We drove by the US Embassy, now located in Jerusalem.

Betsey and I spent a day visiting some of the various quarters in the Old City: the Muslim, Jewish, Armenian, and Christian (Orthodox and Catholic) areas. The streets were narrow and a great many were markets filled with locals, tourists, and pilgrims. We strolled through very crowded market areas as well as narrow lanes with only a few people.

We noticed that some walls had dots and symbols painted on them and learned that these were the homes where Muslims who had made Hajj, a pilgrimage to Mecca, lived.

We met a shop keeper on one of the narrow streets who invited us to climb some stairs that led to roof tops with some great views of the city.

We did not visit the Dome of the Rock because to go to the top of the platform meant standing in a line for more than an hour. Also, non-Muslims cannot enter the mosque, so we viewed it from a distance.

Bethlehem was a side trip from Jerusalem. There we learned that Jesus was not born in a barn, but a cave.  The stable that we picture as a wooden structure does not exist in Israel because they do not have any wood.  Instead, everything is built of stone.  In Bethlehem, people lived in caves, naturally formed and then expanded on by hand.  Our guide explained that people back then slept in upper levels and used the ground level for cooking, eating, and housing animals.  So when Joseph and Mary were told there was no room in the inn, it meant the upper level was full.  They then settled for the ground level which was made up of multiple chambers.  He took us to see what one of these caves looked like.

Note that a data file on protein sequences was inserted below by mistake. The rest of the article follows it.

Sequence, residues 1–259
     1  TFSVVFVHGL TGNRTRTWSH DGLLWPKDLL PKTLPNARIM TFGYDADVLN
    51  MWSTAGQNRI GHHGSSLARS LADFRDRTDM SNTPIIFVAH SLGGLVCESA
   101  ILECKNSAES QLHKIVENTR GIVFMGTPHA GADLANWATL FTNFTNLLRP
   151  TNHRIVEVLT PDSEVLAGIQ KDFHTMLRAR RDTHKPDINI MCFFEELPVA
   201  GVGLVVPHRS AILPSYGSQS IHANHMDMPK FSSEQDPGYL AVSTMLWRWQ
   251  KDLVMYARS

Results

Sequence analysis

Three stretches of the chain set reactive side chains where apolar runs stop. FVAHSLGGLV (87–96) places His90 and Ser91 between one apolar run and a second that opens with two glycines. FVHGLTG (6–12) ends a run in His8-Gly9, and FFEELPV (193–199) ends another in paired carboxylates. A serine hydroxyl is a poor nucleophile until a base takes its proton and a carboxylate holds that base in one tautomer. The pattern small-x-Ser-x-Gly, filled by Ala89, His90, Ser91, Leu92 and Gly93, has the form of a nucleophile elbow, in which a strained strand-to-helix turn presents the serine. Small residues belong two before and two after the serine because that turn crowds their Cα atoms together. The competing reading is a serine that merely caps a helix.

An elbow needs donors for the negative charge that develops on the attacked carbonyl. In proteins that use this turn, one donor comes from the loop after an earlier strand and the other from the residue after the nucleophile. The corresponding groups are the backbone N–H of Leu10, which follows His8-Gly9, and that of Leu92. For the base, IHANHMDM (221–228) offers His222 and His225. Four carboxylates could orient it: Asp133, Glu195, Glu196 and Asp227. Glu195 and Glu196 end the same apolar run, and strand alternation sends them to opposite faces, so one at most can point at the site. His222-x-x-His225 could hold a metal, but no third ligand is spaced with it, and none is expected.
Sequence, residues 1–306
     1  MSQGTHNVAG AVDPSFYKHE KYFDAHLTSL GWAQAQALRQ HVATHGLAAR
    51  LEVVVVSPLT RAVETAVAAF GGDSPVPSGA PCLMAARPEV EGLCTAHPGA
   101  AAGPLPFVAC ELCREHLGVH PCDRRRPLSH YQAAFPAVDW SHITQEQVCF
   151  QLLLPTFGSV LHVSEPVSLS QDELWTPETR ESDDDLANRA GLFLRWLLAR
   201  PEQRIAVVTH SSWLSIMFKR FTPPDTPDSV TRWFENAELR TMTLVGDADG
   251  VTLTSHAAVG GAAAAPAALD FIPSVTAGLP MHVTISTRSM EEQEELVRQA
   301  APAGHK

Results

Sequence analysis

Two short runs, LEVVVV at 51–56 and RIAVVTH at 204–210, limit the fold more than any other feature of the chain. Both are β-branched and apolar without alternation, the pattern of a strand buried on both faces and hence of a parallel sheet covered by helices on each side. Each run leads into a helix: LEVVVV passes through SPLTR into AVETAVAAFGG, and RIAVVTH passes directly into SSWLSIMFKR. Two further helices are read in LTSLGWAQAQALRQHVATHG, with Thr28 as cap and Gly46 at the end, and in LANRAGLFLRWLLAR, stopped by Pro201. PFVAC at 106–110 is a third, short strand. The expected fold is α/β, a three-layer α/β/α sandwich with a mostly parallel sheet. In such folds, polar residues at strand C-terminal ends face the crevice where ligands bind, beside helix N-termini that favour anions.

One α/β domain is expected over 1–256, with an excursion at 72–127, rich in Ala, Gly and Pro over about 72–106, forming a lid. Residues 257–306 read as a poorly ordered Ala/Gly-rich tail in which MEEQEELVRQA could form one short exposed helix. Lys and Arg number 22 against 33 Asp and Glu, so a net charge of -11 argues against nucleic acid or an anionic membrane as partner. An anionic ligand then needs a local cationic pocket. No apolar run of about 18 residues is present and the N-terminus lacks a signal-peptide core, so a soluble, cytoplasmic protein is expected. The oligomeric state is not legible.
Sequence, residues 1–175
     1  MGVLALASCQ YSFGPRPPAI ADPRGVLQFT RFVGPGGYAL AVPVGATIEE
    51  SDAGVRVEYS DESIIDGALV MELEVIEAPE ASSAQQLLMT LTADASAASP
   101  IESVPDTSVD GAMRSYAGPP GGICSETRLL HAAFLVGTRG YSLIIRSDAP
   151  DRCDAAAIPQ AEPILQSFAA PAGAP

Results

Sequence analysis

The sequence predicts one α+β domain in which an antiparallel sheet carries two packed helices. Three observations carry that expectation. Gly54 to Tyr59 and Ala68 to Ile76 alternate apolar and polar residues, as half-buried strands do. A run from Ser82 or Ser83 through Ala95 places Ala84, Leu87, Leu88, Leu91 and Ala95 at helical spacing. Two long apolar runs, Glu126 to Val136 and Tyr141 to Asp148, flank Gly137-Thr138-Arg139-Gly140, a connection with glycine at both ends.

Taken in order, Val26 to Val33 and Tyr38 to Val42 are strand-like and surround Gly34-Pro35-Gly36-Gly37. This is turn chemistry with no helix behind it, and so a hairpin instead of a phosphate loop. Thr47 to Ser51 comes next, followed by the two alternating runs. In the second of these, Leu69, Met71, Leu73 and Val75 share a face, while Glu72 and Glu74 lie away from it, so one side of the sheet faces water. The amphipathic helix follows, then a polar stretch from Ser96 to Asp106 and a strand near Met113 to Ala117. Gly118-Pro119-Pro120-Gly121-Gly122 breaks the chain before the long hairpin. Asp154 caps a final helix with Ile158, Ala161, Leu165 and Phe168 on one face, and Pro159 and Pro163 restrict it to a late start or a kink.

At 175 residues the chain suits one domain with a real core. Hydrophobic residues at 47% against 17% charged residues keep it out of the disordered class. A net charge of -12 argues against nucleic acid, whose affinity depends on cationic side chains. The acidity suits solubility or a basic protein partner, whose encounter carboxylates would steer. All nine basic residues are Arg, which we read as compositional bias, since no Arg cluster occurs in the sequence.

And the manger, a feeding trough for animals, was not wood, but stone as well.

We then visited the Church of the Nativity, built over the place where Jesus is believed to be have been born.  This is the unimpressive facade of the church.  It originally had three large doors, but the door on the left is covered with a wall buttress that was built to add support and the left door is hidden by part of a monastery that was built later.  The center door was once quite large, but was made smaller to keep camels and horses out.  But the arched door was still used by horses, so they made it even smaller.  It is called the Door of Humility since everyone had to bow to enter.